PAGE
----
The lights dimmed as the crowd jostled in anticipation, watching audience members climb onstage to tell stories at the Feb. 7 Love Hurts StorySLAM.

At the event, based on the recurrent February theme of “Love Hurts,” audience members spoke of cheating partners and first kisses, while others recalled memories of Lasik surgeries and men in stovepipe top hats. For two hours, the room flooded with what ranged from laughter to gasps of amusement, to silence and sighs of adoration.

The Moth — an international non-profit that celebrates storytelling — brought this shared experience to Madison’s High Noon Saloon. The event kicked off with host and comedian Esteban Touma warming up the crowd with an exuberant introduction.

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Touma laid out the criteria for telling stories at a Moth event: first, you must keep your story at five minutes with a one minute grace period allowed; second, make your story relevant to the theme; third, allow your story to have stakes and an arc; and fourth, speak the truth. Above all, Touma said — be respectful.

The chosen-at-random judging panels from the crowd — coined Fourth Date, Misfiring Cupids and Cracked Desires — got a chance to make their presence known. From there, Touma continued his duties as host with ease, drawing slips from the bag where attendees had entered their names for the chance to approach the mic.

That’s when the stories began.

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As soon as they were summoned to the stage, each participant presented a fresh perspective. Raw emotions, heartfelt confessions and bouts of comic relief were intertwined to create this verbal journey that highlighted just how powerful personal narratives can be. 

Marisol Gonzalez, one of the 10 storytellers from the night, offered some advice for those who want to speak their piece at an event but are hesitant to enter their names. 

“I will say — get courage because it’s important. The voice of everybody who has a story is valuable, even when many people say that it’s not,” Gonzalez said. “If you have a story to tell, just get courage and do it.”

Gonzalez’s advice, in short, is exactly what participants did from start to finish — they exuded their courage by allowing a glimpse into these five-minute snippets of their lives. Once the last story ended, final scores were tallied to reveal that storyteller Morgan Pfaff’s tale of an unexpected marriage in Siberia had won.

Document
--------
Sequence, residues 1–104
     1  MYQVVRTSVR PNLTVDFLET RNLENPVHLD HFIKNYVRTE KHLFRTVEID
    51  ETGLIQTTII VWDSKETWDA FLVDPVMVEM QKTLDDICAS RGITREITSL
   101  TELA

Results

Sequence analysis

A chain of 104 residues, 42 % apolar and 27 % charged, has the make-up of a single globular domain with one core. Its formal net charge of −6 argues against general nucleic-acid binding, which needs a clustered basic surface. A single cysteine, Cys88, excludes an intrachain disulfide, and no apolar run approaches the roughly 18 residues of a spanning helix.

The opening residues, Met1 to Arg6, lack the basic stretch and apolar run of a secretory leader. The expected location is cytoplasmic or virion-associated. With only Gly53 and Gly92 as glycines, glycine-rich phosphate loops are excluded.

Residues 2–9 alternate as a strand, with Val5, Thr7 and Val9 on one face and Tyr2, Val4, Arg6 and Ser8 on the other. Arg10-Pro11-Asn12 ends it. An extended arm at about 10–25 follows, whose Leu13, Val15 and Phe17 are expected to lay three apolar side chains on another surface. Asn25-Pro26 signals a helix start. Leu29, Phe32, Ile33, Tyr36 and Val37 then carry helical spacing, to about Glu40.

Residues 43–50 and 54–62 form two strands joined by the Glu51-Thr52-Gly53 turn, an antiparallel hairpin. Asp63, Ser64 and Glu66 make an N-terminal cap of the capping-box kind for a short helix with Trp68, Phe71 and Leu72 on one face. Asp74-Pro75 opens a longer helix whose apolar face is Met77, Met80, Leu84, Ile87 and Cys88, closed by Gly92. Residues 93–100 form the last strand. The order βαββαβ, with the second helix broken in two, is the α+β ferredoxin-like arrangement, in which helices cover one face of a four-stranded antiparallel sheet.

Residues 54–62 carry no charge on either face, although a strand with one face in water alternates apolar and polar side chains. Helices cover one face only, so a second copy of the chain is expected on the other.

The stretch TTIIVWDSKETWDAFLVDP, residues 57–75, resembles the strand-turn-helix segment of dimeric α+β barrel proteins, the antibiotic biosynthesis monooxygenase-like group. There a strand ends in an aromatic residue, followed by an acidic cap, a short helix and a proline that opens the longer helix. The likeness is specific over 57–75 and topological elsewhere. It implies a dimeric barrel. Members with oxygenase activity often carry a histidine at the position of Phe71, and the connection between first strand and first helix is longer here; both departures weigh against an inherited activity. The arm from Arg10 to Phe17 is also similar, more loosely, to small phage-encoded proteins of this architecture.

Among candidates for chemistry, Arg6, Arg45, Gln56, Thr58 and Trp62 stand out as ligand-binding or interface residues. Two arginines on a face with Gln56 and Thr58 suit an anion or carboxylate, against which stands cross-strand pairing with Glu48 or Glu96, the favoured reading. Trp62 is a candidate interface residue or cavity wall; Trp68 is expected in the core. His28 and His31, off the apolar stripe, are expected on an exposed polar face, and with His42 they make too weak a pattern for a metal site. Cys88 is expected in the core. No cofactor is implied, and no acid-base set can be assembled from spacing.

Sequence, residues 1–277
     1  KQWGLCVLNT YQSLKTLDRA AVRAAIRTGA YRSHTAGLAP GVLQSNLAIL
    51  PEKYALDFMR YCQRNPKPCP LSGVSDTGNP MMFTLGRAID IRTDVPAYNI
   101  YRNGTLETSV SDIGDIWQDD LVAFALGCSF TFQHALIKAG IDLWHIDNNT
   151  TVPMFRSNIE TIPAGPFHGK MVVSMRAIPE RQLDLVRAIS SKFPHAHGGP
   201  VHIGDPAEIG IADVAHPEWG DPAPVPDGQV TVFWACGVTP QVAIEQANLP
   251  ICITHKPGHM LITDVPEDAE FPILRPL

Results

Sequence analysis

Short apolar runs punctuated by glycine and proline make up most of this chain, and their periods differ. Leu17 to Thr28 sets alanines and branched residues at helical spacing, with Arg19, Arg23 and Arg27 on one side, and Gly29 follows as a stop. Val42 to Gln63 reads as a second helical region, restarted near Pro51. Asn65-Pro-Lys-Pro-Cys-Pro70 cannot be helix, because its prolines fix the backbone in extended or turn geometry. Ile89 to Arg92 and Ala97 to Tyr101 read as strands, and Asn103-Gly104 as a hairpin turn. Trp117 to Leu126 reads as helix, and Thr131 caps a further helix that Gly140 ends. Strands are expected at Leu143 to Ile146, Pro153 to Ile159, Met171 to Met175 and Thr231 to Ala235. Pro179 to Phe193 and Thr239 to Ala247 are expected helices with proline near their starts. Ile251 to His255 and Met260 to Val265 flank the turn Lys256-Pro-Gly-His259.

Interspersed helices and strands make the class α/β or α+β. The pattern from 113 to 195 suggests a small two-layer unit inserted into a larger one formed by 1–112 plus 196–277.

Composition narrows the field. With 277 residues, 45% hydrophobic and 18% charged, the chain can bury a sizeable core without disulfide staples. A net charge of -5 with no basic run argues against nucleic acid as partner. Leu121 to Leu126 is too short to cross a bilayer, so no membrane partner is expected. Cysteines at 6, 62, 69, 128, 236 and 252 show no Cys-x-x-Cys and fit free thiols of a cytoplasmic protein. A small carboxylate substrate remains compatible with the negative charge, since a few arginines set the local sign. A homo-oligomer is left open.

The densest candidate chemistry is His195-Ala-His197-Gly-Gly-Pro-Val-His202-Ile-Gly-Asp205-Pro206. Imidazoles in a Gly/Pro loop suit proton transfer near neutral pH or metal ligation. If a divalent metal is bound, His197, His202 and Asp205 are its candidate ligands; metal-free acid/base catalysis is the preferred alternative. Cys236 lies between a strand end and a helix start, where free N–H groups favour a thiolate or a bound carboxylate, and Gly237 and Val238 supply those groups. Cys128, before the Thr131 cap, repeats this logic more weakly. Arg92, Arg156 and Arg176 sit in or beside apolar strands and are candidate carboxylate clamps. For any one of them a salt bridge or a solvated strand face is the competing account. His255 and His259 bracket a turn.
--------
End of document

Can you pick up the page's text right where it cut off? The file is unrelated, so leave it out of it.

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Pfaff will now be able to take part in the GrandSLAM, an annual event that features the last 10 local StorySLAM winners. Jen Rubin, one of The Moth’s producers, said that Madison’s GrandSLAM usually takes place at the Barrymore Theater on Atwood Avenue.

This month’s StorySLAM was just one of the many storytelling functions that The Moth hosts around the globe. Every month, in cities ranging from London to Madison, communities are invited to share their experiences based on themes established by The Moth headquarters in New York.

Noel Mariano, another one of The Moth’s producers, emphasized just how much events like these provide people with ways to engage and learn about their community.

“Storytelling is about bringing people together,” Mariano said. “You’re not just there to perform and be on your soapbox, but you’re also there to encourage, solicit and process together.”

The next chance to explore this sense of connection that Mariano describes will arise again at The High Noon Saloon on March 14. The theme for next month’s event is “Awards.” For more information, visit themoth.org or contact Jen Rubin at [email protected]g.